New Order Review

Here’s another movie which seems more deserving of a sci-fi categorization than horror. This isn’t to say that New Order is a bad movie – far from it. Just don’t pop this movie in and expect a slasher to be ripping off someone’s arm and beating them with it or a demon murdering a family of religious zealots. You will not find that in this film. Instead, expect a rather well-done indie flick that seems to have a pretty firm grasp on the concept of a dreary dystopian future.

Set in the year 2033, New Order begins with a blurb informing the audience of a deadly virus outbreak so severe that it caused world powers to use chemical and biological weapons against each other. This is followed by a monologue of sorts from Doctor Van Morgen – one of the last remaining humans on earth. Van Morgen discusses a variety of topics, including the outbreak and, consequently, man’s thirst for knowledge.

After this, we are introduced first to Robert through the means of a handheld camera which is being operated by Mark. Robert is professor who is trying to get some calculations done but Mark, who is younger and a bit less serious, wants to film a documentary of sorts. Mark eventually gets the professor to relent and give him a tour of the house they are residing in.

It seems as though a lot of attention was paid to detail in this movie. Every necessity was thought of and none of it is really that far-fetched. Robert shows Mark a myriad of items that are keeping them all alive and comfortable given their current circumstances. They have a water reserve with enough water to last at least one and a half years, solar paneling to provide electricity and lighting, even a barn with cows, sheep and other livestock. It’s during the discussion of the barn that we meet Betty and learn that she is in charge of all of the animals.

The tour continues through the library and into the living room. This is Alice’s introduction. Alice is sorting canned goods by expiration date. The viewer learns here that in order to survive, group members must make trips into the old cities to gather supplies. Alice is a bit worried as winter is approaching and supplies are limited.

Next on the tour is the kitchen, followed by the engine room. The engine room is where all of the solar energy is collected. Of course, solar energy alone isn’t enough to fully power the engines, so the engines are also equipped to use alternate fuel sources, such as wood. Again, this is the type of detail I thoroughly appreciate in a movie of this type. Moving on from the engine room, we are introduced to the last member of our group, Thomas.

Up to this point in the movie, I was confused as to why it seemed as though a lot of the footage was from the first person perspective of each of the members of the group. While I thought it was an interesting idea, at times I found it to be a bit tough discerning whose eyes I was looking through. The reason behind this is explained by Dr. Van Morgen in the next scene. He has developed a chip that monitors the vital organs of the person it is installed in as well as allowing for someone else (Van Morgen) to see what they are seeing in real time from a remote location. Since the chips are installed on all five of his test subjects this explains the consistent use of the characters’ points of view. This was honestly a really clever concept.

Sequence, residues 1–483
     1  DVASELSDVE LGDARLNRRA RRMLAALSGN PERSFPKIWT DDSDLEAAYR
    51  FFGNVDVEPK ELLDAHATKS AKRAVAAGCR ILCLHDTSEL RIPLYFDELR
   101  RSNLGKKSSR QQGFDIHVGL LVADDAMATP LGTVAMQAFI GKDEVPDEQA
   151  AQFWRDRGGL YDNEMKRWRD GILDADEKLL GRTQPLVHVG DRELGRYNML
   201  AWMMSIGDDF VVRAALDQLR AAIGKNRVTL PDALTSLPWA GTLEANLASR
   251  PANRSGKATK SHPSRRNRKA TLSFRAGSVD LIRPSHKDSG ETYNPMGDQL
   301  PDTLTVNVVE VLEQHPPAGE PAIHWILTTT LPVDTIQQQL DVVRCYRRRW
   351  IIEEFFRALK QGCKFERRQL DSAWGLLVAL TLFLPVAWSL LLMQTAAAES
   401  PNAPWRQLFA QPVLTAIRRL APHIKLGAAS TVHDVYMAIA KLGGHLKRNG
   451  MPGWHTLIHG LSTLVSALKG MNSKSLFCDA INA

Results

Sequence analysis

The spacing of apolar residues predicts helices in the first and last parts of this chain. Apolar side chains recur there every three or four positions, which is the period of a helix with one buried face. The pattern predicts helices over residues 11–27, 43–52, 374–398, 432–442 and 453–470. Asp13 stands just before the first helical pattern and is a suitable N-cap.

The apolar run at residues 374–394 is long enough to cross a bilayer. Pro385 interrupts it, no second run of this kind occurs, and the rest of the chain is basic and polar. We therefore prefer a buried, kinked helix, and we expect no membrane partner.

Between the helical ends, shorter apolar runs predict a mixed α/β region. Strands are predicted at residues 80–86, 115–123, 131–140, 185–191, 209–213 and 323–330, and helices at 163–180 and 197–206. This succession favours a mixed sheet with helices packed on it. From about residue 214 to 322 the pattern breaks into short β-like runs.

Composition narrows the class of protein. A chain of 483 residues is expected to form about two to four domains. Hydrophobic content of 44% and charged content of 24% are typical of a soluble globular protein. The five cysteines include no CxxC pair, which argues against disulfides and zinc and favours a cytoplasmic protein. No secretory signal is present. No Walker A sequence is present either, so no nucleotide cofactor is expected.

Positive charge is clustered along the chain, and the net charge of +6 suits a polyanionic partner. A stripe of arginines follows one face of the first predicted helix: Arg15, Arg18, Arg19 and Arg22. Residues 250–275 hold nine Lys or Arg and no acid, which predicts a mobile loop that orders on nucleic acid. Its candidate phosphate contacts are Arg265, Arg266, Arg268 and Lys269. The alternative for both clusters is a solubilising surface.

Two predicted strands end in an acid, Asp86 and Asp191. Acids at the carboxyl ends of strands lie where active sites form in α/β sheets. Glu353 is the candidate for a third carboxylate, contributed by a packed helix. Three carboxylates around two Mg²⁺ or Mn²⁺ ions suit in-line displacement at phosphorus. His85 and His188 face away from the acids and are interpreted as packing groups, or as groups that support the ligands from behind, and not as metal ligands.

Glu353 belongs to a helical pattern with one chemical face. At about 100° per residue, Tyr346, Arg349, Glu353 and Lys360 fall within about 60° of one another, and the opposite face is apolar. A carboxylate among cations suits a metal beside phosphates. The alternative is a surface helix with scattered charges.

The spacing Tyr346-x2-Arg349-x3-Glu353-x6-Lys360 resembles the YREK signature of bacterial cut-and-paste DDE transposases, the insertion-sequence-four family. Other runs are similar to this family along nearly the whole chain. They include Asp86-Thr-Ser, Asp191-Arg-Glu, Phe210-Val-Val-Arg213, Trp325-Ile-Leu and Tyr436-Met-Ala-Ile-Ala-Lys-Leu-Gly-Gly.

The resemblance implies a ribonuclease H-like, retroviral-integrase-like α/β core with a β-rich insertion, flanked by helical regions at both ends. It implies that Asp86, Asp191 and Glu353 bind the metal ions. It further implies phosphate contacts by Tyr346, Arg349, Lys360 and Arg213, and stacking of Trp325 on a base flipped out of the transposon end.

From here, we watch the group as they lead their daily lives. The Dr. has recommended making video diaries in order for them to cope with everything that has happened. Mixed in with the group eating dinner together and meditating, we also see bits of Alice’s diary, Mark’s diary and even Thomas’s diary. New Order really does a phenomenal job at creating a bleak atmosphere which is thinly veiled by the group’s attempt at optimism.

This is not to say that everyone in the group is totally agreeable with each other. Robert and Thomas argue about whether or not to bring a gun into town. Alice’s video diary reveals that she has issues with Mark acting childish. Even Betty rebukes Thomas’s advances which causes him to storm off. Having such a small cast in the movie really seems to allow for character build up like this and it works very well here. Disagreements and minor annoyances with others is fundamental human nature which isn’t often properly captured within the confines of a ninety minute movie. New Order does a great job of breaking out of that mold and this is due in large part to the acting. Aside from the Dr. Van Morgen (who sometimes seems a bit like a more comical Walter White), the cast really pulls you in to their dismal situation.

Slowly, each member of the group appears to be experiencing issues in some way. During a group meditation Alice begins to hyperventilate, then starts speaking in tongues but later has no recollection of the event. This grows progressively worse, culminating in Alice screaming in the kitchen and subsequently scaring the crap out of Betty. Alice isn’t the only one being affected but is the only one outwardly showing any signs of distress. None of the others will openly admit to each other that they are also experiencing some sort of odd effects. As a result, their despondency over their individual situations causes them to act more and more erratic. One by one, this group of Earth’s last survivors begins to diminish while the doctor watches on helplessly. Will he get there in time to save any of them?

While New Order really doesn’t seem properly classified as a horror movie, it’s still a good movie nonetheless. There were many opportunities for this film to fail but thankfully everyone involved did an excellent job of sidestepping them and bringing life to a very creative idea. In an age where movies displaying futures of less than desirable circumstances are a dime a dozen, New Order does a great job of creating its own footprint.

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